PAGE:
From Las Vegas

From Las Vegas you will enter Death Valley also on Highway 190 but heading west. From this direction you can take a quick detour to Dante's View on your way into the park where you get a spectacular overview of Badwater Basin and the desert floor below.  


Accommodation in Death Valley

Accommodation inside Death Valley National Park is limited and there are only a handful of lodging options. Alternatively you can stay in Beatty which is the closest town located outside of the park.

Lodging in Death Valley

Stovepipe Wells - The Stovepipe Wells Hotel is centrally located and close to many of the park's popular attractions. The hotel has a western rustic theme and hotel facilities include a swimming pool, restaurant and saloon. 
The Inn- An elegant hideaway since 1927, The Inn is close to the Furnace Creek Visitor's Center and Badwater Basin. The lodging here is set among lush date palms with facilities that include a restaurant, large swimming pool and golf course.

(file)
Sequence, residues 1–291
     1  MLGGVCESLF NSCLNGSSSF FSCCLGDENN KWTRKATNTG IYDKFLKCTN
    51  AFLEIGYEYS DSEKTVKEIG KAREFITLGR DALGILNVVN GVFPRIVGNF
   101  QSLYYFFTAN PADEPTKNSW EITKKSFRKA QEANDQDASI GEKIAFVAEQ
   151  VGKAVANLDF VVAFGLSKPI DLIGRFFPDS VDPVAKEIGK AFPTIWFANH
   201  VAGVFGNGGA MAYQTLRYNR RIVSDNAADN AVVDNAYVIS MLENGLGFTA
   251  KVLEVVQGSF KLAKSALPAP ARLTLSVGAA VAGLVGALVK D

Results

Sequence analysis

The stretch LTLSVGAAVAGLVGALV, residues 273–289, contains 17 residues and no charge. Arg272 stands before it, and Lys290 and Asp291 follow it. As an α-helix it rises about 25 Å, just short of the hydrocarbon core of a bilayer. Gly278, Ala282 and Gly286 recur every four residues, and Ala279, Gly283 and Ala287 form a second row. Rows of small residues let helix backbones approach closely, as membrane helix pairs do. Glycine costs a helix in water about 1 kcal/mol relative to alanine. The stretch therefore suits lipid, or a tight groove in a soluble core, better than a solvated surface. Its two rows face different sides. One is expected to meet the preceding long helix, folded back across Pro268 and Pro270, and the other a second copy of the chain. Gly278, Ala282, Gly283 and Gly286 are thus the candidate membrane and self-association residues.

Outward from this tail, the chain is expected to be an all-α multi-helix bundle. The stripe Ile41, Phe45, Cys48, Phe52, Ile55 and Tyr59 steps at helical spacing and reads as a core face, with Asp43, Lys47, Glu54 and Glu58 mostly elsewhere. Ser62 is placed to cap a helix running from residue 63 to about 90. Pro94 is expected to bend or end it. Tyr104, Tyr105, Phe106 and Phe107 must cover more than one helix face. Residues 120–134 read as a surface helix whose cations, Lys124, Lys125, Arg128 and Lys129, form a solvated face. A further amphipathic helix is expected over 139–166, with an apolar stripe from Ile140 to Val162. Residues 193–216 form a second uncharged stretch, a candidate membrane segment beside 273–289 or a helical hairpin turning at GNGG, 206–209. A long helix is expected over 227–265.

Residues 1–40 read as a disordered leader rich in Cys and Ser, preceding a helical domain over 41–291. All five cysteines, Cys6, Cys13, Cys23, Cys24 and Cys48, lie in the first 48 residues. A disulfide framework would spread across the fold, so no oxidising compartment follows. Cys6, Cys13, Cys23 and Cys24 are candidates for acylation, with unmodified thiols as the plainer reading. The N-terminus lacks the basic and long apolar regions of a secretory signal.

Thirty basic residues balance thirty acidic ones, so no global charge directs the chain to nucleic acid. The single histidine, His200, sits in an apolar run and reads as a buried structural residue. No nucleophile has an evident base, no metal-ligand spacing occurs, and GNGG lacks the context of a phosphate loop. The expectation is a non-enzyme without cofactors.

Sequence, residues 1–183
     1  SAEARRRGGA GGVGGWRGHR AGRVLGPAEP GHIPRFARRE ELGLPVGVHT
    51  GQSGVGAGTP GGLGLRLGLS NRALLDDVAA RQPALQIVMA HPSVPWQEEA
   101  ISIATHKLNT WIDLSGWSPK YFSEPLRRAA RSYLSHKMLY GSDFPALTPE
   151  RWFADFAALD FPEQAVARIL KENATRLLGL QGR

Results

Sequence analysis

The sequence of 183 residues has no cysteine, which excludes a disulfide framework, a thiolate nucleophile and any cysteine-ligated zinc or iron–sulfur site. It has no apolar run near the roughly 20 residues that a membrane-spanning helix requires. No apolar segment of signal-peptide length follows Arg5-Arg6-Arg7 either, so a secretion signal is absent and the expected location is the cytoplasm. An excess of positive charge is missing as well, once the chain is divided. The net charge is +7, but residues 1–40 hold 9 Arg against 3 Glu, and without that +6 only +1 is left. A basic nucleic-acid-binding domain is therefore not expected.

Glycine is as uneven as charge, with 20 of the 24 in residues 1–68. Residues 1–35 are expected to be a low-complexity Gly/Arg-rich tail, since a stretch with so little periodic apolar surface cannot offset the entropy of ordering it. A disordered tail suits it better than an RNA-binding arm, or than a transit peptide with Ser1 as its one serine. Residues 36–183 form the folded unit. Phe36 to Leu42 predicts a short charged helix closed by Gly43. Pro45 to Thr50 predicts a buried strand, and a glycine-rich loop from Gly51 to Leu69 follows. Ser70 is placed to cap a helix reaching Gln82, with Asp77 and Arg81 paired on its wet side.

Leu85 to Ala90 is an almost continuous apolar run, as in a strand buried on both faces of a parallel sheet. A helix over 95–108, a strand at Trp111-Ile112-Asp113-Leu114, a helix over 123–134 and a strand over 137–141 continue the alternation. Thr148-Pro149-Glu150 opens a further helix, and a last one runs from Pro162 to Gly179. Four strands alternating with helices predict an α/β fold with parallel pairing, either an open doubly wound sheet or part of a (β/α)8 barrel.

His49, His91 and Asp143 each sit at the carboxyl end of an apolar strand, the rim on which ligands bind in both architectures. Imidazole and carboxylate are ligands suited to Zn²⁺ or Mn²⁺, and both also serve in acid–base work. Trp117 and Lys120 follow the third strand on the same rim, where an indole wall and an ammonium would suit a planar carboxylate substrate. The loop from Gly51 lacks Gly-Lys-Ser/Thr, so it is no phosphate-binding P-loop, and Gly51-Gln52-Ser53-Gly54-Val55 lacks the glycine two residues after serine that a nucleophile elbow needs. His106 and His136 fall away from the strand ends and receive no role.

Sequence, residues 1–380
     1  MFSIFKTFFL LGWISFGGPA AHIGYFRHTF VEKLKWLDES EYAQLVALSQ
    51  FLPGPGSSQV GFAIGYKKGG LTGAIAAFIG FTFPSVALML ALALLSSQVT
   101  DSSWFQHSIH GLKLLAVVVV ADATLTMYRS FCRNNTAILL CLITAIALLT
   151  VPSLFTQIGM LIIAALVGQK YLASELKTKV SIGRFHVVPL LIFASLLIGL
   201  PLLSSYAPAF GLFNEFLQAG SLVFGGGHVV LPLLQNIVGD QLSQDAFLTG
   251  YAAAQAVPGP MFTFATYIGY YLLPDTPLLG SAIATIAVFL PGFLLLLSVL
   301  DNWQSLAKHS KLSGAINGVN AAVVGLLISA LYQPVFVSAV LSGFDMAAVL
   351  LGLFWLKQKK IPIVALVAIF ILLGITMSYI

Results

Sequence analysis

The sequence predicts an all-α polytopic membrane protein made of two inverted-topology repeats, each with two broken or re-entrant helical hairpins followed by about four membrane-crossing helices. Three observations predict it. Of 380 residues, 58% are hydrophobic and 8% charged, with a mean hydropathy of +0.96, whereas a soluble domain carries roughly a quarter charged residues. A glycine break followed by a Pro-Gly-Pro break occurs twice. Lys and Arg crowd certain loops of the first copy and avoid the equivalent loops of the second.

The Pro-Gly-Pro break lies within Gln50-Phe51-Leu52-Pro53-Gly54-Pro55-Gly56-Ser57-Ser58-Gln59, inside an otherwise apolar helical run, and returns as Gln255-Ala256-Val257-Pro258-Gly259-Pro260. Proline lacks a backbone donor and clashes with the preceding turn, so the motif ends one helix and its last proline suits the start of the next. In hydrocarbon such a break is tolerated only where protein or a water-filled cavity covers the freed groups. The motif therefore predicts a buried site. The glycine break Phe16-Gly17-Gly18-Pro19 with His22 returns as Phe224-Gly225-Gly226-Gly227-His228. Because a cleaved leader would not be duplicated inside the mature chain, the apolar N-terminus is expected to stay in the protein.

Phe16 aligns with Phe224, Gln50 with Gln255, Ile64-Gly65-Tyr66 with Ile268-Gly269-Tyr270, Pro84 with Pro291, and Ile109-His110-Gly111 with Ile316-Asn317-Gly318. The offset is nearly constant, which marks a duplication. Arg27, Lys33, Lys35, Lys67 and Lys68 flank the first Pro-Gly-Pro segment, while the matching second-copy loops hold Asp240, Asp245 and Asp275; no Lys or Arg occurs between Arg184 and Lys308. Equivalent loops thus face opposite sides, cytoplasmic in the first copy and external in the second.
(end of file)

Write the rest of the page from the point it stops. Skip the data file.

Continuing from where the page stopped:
The Ranch - The Ranch has access to all the facilities of The Inn, but with a more affordable price on room rates. 
Panamint Springs Resort - This resort offers motel style lodging and private cabins. Resort facilities include a restaurant and general store.

Death Valley Travel Guide

Camping in Death Valley

Campgrounds in Death Valley National Park rarely fill up and most campgrounds are first come - first served. There are three privately owned campgrounds and for those you can make reservations in advance. 

High season is from November through March as well as all holidays from October through May. Below you will find some basic information on Death Valley’s most popular campgrounds. Click on the links for further information or to make a reservation.


Death Valley Campgrounds

Stovepipe Wells Campground - Located adjacent to the Stovepipe Wells General Store, this is our favorite campground! Open Sept 15 to May 10. First come first served. $14 per night.
Furnace Creek Campground - Located at Furnace Creek and open year round. There are 136 campsites with drinking water, picnic tables, flush toilets and dump station. Sites start at $22. 
Sunset Campground - This campground is first come, first served and only open from November to May. Camp sites cost $14.